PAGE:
Watertown High School
2:43 P.M. CDT
MRS. OBAMA: Thank you, everyone. (Applause.) Thank you so much. Oh, what a warm welcome. Thank you. And thank you, guys. Rest yourselves. (Laughter.) We’ve got a lot of water partying to do here today.
Let me start by of course thanking Mitch for that very kind
Introduction, as well as the entire staff, the principal, the assistant principals, the team here at Watertown High School for letting us interrupt your school day for a visit that you all have been so warm and welcoming. It’s just been amazing. Thank you so much.
I also want to thank the mayor of Watertown, Mayor David, who is a very sweet man. And my staff got a big kick out of realizing that he thought this was all a joke. (Laughter.) But it is just a treat for us to be here. We couldn’t have picked a better place to make such a huge announcement like this one, because not only is the name of this town on message, but I heard that just a couple years ago, you all won the award for the best tasting water in the state of Wisconsin, which is -- way to go.
So when it comes to water, you all know a little bit about what you’re doing, and I just want to again thank you for hosting us here today. It feels really good to be here.
I also want to thank Wisconsin Lieutenant Governor Rebecca Kleefisch, who I got a chance to say hello to, and for joining us today. And of course, I want to recognize Larry from the Partnership for a Healthier America and all of the leaders sitting up here who have been working tirelessly to help PHA bring this groundbreaking water campaign to life.
That group includes Susan Whiting and Karen Watson from Nielsen. (Applause.) Yay! Yay! It’s the Nielsen crew. They’re a rowdy bunch, but they’re good. They’re good. (Laughter.) Scott Miller from Core Strategy Group, and everyone from Y&R and Buck Media who put together this sensational creative material. You guys are amazing.
And I also want to recognize Sergio Fernandez de Cordova of the PVBLIC Foundation; Sheldon Gilbert from Proclivity Media; and of course, my dear friend, the beautiful, talented, smart, Eva Longoria. Yeah, hi. (Applause.)
Now, I’m sure there are a lot of people out there who might be asking -- water? Really, water? What’s the big deal? It’s not new. It doesn’t come in different colors or shapes. In fact, it doesn’t even have a color or a shape. And to be honest with you, not long ago, I might have been thinking the same thing.
But since we started the Let’s Move! initiative, I’ve been looking for as many ways as possible to help families and kids lead healthier lives. And I’ve come to realize that if we were going to take just one step to make ourselves and our families healthier, probably the single best thing we could do is to simply drink more water. It’s as simple as that. Drink more water.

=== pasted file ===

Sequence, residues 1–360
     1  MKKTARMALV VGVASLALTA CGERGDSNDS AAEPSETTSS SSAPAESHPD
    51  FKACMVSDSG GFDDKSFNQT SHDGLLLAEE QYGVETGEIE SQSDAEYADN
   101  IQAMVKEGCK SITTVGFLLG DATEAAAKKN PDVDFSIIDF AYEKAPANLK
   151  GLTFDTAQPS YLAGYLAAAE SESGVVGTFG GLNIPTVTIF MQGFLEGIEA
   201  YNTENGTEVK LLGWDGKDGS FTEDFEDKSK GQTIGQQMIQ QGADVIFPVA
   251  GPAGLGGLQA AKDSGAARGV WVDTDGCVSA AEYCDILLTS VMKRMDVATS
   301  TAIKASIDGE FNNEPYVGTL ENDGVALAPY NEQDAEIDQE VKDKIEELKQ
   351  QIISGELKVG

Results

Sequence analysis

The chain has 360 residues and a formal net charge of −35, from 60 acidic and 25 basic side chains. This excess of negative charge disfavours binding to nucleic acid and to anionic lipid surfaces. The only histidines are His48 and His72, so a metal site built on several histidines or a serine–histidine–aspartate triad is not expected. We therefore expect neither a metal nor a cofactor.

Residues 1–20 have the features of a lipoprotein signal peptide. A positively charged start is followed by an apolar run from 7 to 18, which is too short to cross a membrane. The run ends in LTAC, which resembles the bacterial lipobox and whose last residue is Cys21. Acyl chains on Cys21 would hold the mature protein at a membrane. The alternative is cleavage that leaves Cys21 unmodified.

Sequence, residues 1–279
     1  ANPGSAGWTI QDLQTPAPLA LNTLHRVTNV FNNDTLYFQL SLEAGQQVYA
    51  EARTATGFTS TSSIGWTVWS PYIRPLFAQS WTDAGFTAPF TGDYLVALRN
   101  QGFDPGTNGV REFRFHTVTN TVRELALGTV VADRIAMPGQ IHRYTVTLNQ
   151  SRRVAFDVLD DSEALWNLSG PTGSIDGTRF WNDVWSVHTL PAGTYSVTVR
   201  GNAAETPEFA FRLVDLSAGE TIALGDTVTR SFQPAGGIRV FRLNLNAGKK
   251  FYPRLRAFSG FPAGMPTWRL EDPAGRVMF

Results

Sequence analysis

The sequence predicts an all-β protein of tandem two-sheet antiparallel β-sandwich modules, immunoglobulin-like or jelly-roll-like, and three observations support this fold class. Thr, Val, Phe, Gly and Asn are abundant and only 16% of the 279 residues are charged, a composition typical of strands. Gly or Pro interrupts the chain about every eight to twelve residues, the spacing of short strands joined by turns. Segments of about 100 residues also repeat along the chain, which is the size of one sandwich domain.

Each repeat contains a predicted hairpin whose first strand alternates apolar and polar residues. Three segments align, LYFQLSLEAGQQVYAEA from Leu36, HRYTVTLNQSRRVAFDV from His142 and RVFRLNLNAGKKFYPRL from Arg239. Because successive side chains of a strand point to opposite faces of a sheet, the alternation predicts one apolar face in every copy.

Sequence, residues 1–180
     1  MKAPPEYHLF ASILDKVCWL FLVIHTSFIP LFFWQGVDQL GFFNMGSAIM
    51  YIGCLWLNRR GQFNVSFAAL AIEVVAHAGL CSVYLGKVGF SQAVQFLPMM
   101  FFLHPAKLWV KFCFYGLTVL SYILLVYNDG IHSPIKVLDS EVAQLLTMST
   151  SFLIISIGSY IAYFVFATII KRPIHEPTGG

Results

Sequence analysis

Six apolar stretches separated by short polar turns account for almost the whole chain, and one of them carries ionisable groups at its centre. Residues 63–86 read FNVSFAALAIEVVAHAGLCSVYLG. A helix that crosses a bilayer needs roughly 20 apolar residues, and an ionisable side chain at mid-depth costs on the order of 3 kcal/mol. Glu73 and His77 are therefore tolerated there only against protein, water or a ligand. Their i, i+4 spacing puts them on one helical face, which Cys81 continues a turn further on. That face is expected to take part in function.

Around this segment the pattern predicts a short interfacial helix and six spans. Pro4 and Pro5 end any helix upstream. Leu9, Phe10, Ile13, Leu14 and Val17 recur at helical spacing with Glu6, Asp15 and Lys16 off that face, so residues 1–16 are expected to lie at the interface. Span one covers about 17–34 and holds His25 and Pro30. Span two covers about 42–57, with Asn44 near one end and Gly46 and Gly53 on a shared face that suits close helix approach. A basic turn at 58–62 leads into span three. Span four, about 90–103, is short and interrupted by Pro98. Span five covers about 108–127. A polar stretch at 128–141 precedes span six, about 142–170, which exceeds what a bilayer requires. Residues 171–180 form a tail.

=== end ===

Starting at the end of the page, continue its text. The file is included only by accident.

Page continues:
Drink just one more glass of water a day and you can make a real difference for your health, for your energy, and the way that you feel. And there’s plenty of scientific evidence to back this up. For example, when we’re properly hydrated, our bodies perform better than when we’re even just a little bit dehydrated. Water gives us the focus we need in school and in our work. It gives athletes the fluids they need to excel on the playing field. And it can even help reduce headaches and fatigue, all while cleansing and refreshing our bodies. It’s good stuff.
The truth is we all have a choice about what we drink. And when we choose water, we’re choosing to be at our very best. And we don’t even need science to tell us that that’s a good idea. Most of us already know this from our own experience.
In fact, back when my girls were younger, and I decided that I wanted to improve the way my family was eating, one of the very first things I did was to make sure we were getting more water into diets. That was the very first thing I did. And soon enough, I saw how that one little change made all the difference in our lives -- to our girls, to me and Barack. We felt healthier, we felt more alert, and the more water we drank, the better we felt.
So we saw firsthand that water is truly the original energy drink. Plus, water is almost universally available. You can find it anywhere, and it’s free. You can find it in schools, in parks, shopping malls, even in your own kitchen sink.
All over this country, you can turn on the faucet and get clean, safe, healthy water that tastes great. But here’s the thing -- and something we hadn’t thought about -- because water is so basic, because it is so plentiful, sometimes we just forget about it. Amidst all the ads that we watch on television and all the messages that we receive every day about what to eat and drink. The truth is water just gets drowned out. It’s supposed to be funny. (Laughter.)